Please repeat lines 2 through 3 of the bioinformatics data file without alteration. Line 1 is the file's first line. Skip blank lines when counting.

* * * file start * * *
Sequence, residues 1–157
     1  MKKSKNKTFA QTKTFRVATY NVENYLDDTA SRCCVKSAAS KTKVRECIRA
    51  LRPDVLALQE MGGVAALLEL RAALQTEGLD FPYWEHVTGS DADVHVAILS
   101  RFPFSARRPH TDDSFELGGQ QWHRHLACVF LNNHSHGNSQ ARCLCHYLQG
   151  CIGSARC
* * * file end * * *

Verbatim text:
     1  MKKSKNKTFA QTKTFRVATY NVENYLDDTA SRCCVKSAAS KTKVRECIRA
    51  LRPDVLALQE MGGVAALLEL RAALQTEGLD FPYWEHVTGS DADVHVAILS